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# Re: [Phys-L] Black hole and time question

• From: John Denker <jsd@av8n.com>
• Date: Fri, 9 Oct 2020 08:59:45 -0700

On 10/9/20 5:51 AM, Ron Mcdermott via Phys-l wrote:

Jack is 'near' the event horizon. Let's say that from his pov it will take
a year to pass that horizon (moving 'slowly'; as the gravitational effect
on time is the issue).

Jane is further away and stationary, but close enough that the time delay
for light travel is inconsequential. In HER timeline it takes, let's say,
two years to see Jack cross the event horizon.

The black hole evaporates at the 1.5 year mark in Jill's timeline.

I assume Jill is a nickname for Jane.

The question boils down to: Where is Jack?

My feeling is that Jack is 3 months from the previous event horizon. His
is that this is a paradox because, according to Jack's timeline, he OUGHT
to have passed the event horizon.
If I understand the question, it really has nothing to do with black
holes or event horizons. It's just a question of timing, in the presence
of a gravitational red shift. Any sufficiently-deep gravitational potential
(singular or not) will behave the same for present purposes.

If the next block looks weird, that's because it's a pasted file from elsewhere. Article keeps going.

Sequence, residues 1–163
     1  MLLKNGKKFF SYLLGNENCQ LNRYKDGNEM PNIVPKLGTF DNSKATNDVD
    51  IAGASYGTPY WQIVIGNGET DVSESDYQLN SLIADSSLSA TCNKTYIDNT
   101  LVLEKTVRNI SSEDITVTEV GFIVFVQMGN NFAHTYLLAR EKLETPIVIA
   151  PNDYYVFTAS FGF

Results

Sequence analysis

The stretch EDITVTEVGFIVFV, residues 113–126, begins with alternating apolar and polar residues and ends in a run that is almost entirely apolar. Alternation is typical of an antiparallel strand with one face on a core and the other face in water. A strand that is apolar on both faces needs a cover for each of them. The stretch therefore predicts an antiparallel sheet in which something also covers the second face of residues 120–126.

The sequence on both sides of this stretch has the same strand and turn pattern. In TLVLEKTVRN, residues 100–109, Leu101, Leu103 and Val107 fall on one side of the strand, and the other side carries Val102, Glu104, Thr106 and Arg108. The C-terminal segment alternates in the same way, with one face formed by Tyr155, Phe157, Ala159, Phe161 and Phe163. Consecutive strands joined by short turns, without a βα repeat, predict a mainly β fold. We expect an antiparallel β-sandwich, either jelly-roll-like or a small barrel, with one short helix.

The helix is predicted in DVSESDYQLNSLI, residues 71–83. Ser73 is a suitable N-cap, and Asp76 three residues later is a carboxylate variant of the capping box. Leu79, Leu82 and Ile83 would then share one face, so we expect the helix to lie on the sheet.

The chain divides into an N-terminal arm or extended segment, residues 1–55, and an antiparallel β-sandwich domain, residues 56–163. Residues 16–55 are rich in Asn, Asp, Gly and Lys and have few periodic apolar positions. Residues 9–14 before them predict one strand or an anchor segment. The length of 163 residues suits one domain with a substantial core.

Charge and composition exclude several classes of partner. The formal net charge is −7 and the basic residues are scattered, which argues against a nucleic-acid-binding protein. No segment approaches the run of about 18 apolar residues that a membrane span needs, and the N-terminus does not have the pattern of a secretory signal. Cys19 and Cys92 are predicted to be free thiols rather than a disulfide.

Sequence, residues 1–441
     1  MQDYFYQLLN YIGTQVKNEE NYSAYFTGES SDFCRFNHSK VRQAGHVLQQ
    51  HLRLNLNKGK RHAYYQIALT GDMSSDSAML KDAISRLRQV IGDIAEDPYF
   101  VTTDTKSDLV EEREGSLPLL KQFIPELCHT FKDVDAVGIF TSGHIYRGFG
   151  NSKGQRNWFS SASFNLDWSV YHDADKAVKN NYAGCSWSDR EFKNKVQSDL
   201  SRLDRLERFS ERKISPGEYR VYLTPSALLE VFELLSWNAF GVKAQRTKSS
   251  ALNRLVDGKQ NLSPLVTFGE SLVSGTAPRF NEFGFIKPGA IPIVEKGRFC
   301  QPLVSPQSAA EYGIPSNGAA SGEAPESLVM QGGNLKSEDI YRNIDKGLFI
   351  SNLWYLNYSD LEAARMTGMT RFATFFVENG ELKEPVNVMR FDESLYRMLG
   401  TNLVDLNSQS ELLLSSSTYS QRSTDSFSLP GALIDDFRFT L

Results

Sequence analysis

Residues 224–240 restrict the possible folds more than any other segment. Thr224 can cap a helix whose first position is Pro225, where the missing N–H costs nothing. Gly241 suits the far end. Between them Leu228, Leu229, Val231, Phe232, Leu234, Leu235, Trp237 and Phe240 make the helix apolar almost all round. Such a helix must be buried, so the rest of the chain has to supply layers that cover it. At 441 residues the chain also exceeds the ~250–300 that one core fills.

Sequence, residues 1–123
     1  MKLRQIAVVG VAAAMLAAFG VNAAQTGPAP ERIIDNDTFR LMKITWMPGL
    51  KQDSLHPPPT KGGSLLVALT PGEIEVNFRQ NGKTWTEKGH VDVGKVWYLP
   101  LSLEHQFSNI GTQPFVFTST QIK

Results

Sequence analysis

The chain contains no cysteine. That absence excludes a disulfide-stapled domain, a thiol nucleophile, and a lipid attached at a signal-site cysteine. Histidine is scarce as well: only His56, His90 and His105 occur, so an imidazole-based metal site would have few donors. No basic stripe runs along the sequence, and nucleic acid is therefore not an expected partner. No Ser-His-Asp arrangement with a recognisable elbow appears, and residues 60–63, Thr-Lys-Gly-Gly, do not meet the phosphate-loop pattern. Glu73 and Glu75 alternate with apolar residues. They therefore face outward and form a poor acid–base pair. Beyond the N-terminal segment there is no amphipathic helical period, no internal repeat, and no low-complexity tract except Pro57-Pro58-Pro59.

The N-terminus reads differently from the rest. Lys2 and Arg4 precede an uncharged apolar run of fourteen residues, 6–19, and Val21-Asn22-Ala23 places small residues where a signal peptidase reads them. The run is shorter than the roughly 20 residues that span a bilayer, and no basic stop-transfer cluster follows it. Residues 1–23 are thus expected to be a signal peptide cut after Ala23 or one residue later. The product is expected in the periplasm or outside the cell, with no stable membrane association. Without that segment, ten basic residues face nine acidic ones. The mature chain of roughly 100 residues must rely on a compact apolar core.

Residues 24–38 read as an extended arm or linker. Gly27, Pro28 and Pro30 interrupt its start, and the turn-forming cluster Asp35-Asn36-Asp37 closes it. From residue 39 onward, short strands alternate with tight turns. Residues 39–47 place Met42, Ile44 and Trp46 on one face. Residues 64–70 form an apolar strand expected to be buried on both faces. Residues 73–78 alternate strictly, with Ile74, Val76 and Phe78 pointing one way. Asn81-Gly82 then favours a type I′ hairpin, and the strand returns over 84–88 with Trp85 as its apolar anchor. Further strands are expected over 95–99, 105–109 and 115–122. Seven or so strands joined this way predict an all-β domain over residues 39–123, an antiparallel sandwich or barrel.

Suppose it takes Jack 12 months to build a boat.

Short answer: There is a simple linear relationship between Jack-timeand Jane-time.
24 months@Jill = 12 months@Jack = finished boat.
18 months@Jill = 9 months@Jack = 3 before finished.

In more detail: Let's assume Jack is hovering in a gravitational potential
at a depth where the gravitational redshift is Z=3. Let Jane be hovering
at Z=1.5, i.e. half as deep. The situation is shown in this diagram:
https://www.av8n.com/physics/img48/grav-red-shift-timing.png

Because of the curvature of spacetime, we cannot faithfully represent the
situation in a flat Euclidean 2D diagram, so we have to use our map-making
skills. This is an orange-peel projection. The red-shaded regions exist
in spacetime, whereas the intervening gray regions do not exist. You could
cut out the red-shaded regions and paste them together in 3D to get rid of
the discontinuities in the representation, but even that would still be
imperfect. Getting rid of the singularity would make things easier.

Flat spacetime exists somewhere way off to the right, at large r.
The black lines are contours of constant time (simultaneity) according to
an observer out there in flat spacetime.